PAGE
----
Theology at the movies: The Confirmation, The Bicycle Thieves and getting confession right

Guest column
By James Tomek, Ph.D.
Watching on Netflix Bob Nelson’s 2016 “The Confirmation,” about a boy and his father looking for stolen tools, immediately makes me think of “The Bicycle Thieves,” a 1948 post war Italian film about a father and son’s search for a stolen bicycle, necessary for work. There is a theology lesson in the comparison. After a short discussion of the two films, I will focus on the treatment of sacrament in the Nelson film.

James Tomek, Ph.D.

The renown Vittorio De Sica movie is an example of neorealism, a genre that shows the real poverty of post-World War II Rome, where a bicycle is a precious tool to find and do work. With the help of his wife Maria, pawning her bed sheets, Antonio Ricci is able to unpawn his bicycle and leave the unemployment line as a poster hanger. The disparity of classes is shown when Ricci gives up and treats his son Bruno to a restaurant lunch with his remaining money. He tells his son that, with a job, they can eat every day, like at the adjourning table, where a well-off family casually dines. The film ends with Ricci and son wandering aimlessly on foot. In today’s society, Ricci and family belong to those most hurt by the COVID epidemic.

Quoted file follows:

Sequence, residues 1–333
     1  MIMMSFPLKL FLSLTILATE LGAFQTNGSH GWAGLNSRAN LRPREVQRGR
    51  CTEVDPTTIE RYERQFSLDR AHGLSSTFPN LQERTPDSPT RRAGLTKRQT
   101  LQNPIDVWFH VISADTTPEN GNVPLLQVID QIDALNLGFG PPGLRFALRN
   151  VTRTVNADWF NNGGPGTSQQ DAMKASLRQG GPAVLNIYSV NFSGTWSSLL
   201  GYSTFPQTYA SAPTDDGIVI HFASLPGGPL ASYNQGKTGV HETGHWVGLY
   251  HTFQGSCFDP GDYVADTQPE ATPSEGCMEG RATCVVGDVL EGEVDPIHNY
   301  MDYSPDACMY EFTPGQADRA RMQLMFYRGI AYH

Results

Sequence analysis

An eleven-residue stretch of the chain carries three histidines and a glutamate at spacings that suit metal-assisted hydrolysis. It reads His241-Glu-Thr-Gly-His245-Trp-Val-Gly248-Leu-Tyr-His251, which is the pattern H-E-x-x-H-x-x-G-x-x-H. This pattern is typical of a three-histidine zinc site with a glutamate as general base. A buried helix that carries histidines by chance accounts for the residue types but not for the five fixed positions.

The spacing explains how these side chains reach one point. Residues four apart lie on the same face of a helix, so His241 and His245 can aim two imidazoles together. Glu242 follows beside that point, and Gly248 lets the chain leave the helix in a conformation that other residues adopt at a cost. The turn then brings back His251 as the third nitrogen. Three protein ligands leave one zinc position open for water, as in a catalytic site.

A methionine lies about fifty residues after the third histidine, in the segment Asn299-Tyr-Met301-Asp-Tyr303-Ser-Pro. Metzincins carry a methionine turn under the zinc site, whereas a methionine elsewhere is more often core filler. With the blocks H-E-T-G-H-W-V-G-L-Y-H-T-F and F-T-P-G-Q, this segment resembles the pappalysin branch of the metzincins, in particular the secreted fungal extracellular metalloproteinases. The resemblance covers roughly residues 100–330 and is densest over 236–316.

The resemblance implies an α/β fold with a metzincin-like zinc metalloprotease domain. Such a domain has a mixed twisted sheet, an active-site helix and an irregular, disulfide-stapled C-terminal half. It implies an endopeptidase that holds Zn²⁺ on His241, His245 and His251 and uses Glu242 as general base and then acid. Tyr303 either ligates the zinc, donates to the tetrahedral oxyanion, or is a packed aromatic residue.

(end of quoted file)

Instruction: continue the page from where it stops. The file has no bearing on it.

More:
“The Confirmation” follows a similar movement, about a father and son searching for a stolen set of tools, but the frame here is slightly different, focusing on the boy’s growing awareness of the complexities of life, as he spends a weekend with his estranged father Walt, while his mother and new husband go off on a weekend Catholic marriage encounter. The film opens with 8-year-old Anthony at confession, where we learn that he will soon receive the Eucharist and then be confirmed. But, here the film seems to lose focus as it hesitates between critiquing the Catholic faith and focusing on a son’s awareness of his father’s troubled existence. Hollywood does not always handle confession very well. Here, Father Lyons corrects Anthony’s awkward confession in a rude abrupt manner. Not my experience. Priests, personally speaking, are very helpful with penitents, especially first-time ones. Then later, in a conversation with his father, when Anthony is worried about the cannibalistic idea of “eating” Jesus’s body, the father Walt demeaningly interjects that it is only crackers and grape juice. Walt does advise Anthony that these are subjects that he will have to deal with later on. Is this in fact, the Confirmation of the title? Cannibalism with an 8-year-old? Grape juice?